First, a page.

The Democratic leaders of the House and Senate called for an investigation into the decision to reduce the sentencing recommendation for Roger Stone, a former adviser to President Donald Trump.
Prosecutors asked a judge this week to sentence Stone, 67, to seven to nine years in prison for making false statements to Congress, obstructing a congressional investigation, and tampering with a witness. But the Department of Justice (DOJ) filed a memo recommending a sentence “far less” than seven to nine years, though it is still recommending some jail time.
The four prosecutors working on the case resigned after the memo was filed. Two worked on the investigation into Russian interference in the 2016 election, which ended after establishing no conspiracy or cooperation between the Trump 2016 presidential campaign and Russia.
Senate Minority Leader Chuck Schumer (D-N.Y.) said there should be an “immediate investigation” of why the sentencing recommendations by the prosecutors were overruled by DOJ officials.
In a Feb. 11 letter to the department’s Inspector General Michael Horowitz, Schumer alleged that the situation “has all the indicia of improper political interference in a criminal prosecution.”
Horowitz should investigate the matter to figure out “how and why the Stone sentencing recommendations were countermanded,” including which DOJ officials made the decision and which officials, if any, were involved, the 69-year-old senator wrote.
House Speaker Nancy Pelosi (D-Calif), 79, also called for a probe into what happened, claiming Trump, 73, “engaged in political interference in the sentencing of Roger Stone” when he wrote on Twitter about the case.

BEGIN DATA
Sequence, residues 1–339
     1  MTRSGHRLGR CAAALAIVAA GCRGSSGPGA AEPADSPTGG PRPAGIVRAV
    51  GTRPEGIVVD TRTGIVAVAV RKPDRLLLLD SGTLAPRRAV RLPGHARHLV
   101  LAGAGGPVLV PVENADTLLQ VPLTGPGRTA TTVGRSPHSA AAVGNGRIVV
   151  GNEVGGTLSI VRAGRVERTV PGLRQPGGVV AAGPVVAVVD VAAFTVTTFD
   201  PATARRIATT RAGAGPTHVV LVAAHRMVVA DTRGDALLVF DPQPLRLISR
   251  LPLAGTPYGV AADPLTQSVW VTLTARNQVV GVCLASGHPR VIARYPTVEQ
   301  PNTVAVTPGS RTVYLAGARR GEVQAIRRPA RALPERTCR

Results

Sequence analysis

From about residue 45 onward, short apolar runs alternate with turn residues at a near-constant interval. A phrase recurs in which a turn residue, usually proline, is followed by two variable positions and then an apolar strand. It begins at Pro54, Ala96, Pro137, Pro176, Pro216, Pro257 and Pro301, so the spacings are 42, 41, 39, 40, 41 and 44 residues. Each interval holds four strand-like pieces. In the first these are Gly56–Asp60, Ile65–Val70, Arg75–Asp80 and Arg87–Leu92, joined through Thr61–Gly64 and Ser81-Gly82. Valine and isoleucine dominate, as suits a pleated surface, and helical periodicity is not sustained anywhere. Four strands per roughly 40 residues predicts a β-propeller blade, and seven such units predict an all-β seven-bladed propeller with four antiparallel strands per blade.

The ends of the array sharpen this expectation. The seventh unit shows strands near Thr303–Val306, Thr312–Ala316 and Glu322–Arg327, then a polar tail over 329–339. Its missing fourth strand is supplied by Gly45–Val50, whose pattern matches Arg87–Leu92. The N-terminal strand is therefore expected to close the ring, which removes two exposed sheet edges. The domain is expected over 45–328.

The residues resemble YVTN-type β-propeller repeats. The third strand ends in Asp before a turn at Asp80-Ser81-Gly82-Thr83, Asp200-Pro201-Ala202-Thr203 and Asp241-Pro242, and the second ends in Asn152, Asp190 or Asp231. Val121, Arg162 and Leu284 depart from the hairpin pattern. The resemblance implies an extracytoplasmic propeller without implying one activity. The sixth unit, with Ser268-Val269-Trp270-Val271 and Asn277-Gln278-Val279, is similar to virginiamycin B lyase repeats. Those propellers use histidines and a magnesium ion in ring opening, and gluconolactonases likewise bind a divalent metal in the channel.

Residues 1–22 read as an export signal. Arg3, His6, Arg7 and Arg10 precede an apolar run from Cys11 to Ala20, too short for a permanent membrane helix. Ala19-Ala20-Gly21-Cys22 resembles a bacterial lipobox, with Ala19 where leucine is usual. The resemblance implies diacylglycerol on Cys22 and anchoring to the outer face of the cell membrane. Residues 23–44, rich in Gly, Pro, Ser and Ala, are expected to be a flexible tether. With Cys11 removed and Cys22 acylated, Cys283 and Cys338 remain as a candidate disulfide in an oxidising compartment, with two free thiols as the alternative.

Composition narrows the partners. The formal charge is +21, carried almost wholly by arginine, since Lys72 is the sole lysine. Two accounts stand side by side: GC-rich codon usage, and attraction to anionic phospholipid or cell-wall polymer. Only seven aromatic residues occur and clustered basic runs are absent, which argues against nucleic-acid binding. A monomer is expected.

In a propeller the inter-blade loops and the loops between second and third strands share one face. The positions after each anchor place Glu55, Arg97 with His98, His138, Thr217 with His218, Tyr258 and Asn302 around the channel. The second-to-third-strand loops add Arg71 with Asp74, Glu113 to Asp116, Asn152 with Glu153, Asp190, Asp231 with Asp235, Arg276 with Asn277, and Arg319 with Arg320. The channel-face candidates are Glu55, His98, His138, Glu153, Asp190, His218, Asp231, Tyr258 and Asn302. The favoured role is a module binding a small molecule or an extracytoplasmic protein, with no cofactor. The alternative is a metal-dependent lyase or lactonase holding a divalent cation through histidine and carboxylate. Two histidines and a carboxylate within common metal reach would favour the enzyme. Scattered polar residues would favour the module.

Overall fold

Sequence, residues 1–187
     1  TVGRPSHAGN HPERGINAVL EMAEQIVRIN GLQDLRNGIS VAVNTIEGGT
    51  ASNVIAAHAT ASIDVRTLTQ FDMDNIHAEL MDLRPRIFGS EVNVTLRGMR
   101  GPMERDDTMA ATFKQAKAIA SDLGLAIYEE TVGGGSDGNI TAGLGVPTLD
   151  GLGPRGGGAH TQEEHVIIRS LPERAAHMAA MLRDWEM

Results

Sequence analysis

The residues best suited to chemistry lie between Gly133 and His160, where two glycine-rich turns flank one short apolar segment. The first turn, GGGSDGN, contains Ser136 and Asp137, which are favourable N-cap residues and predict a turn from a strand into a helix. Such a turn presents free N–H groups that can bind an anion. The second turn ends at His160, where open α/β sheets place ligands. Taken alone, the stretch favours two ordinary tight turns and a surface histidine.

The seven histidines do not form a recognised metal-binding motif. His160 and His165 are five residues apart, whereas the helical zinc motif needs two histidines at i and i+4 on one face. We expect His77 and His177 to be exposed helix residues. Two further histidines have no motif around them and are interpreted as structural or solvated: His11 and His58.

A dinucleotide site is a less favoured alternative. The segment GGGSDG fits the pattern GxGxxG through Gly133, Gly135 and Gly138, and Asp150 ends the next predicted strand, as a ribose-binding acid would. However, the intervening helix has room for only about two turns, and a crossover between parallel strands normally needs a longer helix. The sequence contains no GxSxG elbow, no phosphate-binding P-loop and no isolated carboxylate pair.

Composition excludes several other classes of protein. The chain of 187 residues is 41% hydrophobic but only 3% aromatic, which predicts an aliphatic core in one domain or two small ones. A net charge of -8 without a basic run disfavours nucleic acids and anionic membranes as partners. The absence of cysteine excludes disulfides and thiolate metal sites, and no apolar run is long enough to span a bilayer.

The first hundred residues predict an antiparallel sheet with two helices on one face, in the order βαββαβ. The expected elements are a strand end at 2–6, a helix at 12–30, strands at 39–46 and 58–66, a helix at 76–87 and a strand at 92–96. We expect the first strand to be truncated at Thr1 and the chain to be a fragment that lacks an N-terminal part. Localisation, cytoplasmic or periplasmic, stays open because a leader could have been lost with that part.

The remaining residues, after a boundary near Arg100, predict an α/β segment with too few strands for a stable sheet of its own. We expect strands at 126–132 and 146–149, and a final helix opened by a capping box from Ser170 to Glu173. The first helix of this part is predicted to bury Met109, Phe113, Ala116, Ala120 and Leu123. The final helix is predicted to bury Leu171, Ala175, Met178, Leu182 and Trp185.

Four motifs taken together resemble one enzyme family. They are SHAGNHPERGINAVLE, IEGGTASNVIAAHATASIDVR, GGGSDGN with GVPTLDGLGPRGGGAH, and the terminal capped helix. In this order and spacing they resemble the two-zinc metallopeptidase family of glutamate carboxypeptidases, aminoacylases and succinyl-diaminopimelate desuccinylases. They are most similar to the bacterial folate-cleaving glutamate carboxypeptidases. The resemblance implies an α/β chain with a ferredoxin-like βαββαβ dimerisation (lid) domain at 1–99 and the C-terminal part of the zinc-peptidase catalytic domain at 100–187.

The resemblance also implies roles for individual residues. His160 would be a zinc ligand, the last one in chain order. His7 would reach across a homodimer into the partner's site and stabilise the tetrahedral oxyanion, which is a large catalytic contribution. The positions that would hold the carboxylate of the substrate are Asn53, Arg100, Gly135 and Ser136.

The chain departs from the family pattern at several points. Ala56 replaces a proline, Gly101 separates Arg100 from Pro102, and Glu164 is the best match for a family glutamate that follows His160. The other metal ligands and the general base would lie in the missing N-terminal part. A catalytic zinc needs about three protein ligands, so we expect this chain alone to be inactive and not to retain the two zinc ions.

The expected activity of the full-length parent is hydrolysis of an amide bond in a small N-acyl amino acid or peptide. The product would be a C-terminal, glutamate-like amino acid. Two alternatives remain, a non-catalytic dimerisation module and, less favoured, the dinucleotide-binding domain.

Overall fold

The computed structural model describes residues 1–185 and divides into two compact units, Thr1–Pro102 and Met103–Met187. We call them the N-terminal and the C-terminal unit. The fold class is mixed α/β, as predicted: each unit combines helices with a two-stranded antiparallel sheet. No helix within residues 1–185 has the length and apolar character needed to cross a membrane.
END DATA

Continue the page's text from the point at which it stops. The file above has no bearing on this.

“It is outrageous that DOJ has deeply damaged the rule of law by withdrawing its recommendation. Stepping down of prosecutors should be commended & actions of DOJ should be investigated,” she wrote in a statement on Twitter.
House Judiciary Chairman Jerrold Nadler (D-N.Y.), 72, another top Democrat in the House, charged that Trump and Attorney General William Barr, 69, overruled career prosecutors to help Stone.
“The Committee will get to the bottom of this,” Nadler wrote in a statement.
The DOJ’s revised sentencing recommendation came just hours after Trump wrote on Twitter about the original recommendation: “This is a horrible and very unfair situation.”
“The real crimes were on the other side, as nothing happens to them. Cannot allow this miscarriage of justice,” the president wrote.
The recommendation to issue a revised recommendation came before Trump’s tweet, a DOJ spokeswoman told news outlets on Tuesday. She said there wasn’t any contact between the department and the White House before the decision to file the memo was made.
Trump told reporters at the White House on Tuesday that he didn’t speak with department officials about the sentencing recommendation, though he argued that he had the “absolute right” to get involved. He declined to answer directly if he would pardon Stone.
Trump early Wednesday wrote on Twitter: “Congratulations to Attorney General Bill Barr for taking charge of a case that was totally out of control and perhaps should not have even been brought. Evidence now clearly shows that the Mueller Scam was improperly brought & tainted. Even Bob Mueller lied to Congress!”